WATCHMAN Q&A: Alternative to Blood Thinners for Atrial Fibrillation
July 25, 2017
The WATCHMAN Implant is a groundbreaking device that works to prevent clots in patients with Atrial Fibrillation. This alternative to blood thinning medication can greatly improve the quality of life for people who struggle with the common side effects of Warfarin and similar medicines. We sat down with Brittany Winestock, MSN, FNP-BC, Providence Health's dedicated specialist for the WATCHMAN device to ask her about this new technology.
What is the WATCHMAN and what does it treat?
WATCHMAN is a permanent device used for patients with atrial fibrillation to decrease their risk of stroke, without the need for blood thinner medications. After their 45-day follow up appointment, patients may no longer need to take an anticoagulant. This also decreases their bleeding risk, which is beneficial for patients with frequent GI bleeds, etc.
Why is this device special or “groundbreaking”?
Because blood thinning medications inhibit the blood's ability to coagulate anywhere within in the body, not just in the heart, they can cause dangerous bleeding complications. Some patients are less tolerant of the complications than others. The following may be signs that a patient is incompatible with their blood thinning medication and may even require immediate attention:
- Excessive menstrual bleeding
- Coughing up red in color
- Severe headache or stomachache
- Dizziness or weakness
- Blood in the urine or bowel movements
What makes this device stand out is that it works to prevent blood clots in the heart specifically and without medication.
Who is a candidate for the WATCHMAN?
Candidates for WATCHMAN include patients with atrial fibrillation unrelated to heart valve complications; someone who needs an alternative to anticoagulants (blood thinners); and patients with a history of bleeding events.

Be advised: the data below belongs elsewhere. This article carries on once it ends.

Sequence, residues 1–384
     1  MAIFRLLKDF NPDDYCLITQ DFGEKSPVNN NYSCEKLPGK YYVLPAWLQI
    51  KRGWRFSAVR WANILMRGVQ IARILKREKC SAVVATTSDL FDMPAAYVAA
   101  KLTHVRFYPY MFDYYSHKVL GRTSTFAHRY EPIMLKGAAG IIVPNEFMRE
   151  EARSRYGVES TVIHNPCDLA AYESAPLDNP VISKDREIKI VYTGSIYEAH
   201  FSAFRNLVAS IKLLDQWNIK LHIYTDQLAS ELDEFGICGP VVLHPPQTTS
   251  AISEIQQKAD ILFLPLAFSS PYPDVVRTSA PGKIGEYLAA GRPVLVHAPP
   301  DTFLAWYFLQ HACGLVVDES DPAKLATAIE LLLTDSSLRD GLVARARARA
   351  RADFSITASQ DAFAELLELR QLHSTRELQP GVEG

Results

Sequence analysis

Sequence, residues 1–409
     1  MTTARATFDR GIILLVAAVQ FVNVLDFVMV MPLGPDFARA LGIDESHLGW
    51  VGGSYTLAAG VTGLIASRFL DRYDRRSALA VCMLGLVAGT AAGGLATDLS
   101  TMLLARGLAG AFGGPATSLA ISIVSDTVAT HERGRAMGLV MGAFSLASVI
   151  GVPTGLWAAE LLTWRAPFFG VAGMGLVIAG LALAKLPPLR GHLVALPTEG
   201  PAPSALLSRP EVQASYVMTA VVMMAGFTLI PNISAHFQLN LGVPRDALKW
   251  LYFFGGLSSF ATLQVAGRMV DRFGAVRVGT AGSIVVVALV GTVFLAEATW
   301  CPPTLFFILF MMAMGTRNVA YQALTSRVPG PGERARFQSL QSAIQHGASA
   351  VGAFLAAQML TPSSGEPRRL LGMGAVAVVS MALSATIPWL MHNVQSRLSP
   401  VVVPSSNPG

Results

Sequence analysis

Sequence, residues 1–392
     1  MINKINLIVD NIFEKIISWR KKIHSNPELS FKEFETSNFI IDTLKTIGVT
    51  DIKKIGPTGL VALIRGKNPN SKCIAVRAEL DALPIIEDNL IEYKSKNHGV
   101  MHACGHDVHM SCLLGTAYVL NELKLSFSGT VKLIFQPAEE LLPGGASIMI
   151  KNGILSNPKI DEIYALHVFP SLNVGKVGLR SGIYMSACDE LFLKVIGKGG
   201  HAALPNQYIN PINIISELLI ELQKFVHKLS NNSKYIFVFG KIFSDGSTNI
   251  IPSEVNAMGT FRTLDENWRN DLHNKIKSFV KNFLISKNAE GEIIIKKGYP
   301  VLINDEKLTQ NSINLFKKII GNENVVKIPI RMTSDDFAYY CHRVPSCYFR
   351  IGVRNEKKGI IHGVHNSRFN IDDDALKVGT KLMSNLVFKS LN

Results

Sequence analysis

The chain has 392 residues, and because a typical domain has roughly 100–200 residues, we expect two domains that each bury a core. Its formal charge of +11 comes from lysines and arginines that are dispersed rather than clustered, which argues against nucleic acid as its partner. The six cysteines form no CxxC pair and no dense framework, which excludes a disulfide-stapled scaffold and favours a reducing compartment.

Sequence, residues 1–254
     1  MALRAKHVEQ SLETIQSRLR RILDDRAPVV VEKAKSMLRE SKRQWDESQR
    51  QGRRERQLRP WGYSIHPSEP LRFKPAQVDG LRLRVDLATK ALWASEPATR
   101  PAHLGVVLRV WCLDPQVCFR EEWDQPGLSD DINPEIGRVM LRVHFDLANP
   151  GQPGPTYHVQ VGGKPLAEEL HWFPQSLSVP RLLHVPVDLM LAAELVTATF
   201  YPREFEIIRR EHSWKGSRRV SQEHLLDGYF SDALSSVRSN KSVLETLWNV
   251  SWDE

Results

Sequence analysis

What is the implantation process like from a patient standpoint?
The process for patients is a one-time procedure to implant the device. For the procedure, the patient will receive anesthesia and stay one night in the hospital to be monitored. The next morning, the patient can expect to be assessed and discharged. The patient will be able to maintain regular activities of daily living, as long as they are mindful to not exert themselves to heavily for one month. There will be a one week follow up appointment to assess the patient and then a 45-day follow up to check the device. On this day the patient may be able to discontinue taking blood thinners... forever.
If someone thinks they are a good fit for WATCHMAN, what should they do next?
They should contact me, Brittany Winestock at 803-331-6611(c) 803-256-5994(O).
Providence Health introduced the WATCHMAN to the Midlands earlier this year. Read more about the device and its implantation offerings here at Providence.
Brittany Winestock, MSN, FNP-BC, WATCHMAN Nurse Practitioner at Providence Health, received her Masters of Science in Nursing from Walden University and her BSN from Lander University. Board-certified as a family nurse practitioner, Mrs. Winestock’s special focus is cardiac care, including the significant role she played in the establishment and coordination of the Providence Health Women Heart Center program.